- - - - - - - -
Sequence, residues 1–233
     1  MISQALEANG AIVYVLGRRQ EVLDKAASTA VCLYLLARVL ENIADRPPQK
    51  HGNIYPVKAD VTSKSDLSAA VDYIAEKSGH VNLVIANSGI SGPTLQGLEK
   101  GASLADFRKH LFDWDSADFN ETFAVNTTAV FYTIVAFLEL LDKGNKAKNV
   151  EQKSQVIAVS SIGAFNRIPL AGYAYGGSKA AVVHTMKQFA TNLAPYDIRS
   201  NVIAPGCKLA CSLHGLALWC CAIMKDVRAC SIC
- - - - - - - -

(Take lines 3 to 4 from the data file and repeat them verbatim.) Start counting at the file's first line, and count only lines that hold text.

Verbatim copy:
    51  HGNIYPVKAD VTSKSDLSAA VDYIAEKSGH VNLVIANSGI SGPTLQGLEK
   101  GASLADFRKH LFDWDSADFN ETFAVNTTAV FYTIVAFLEL LDKGNKAKNV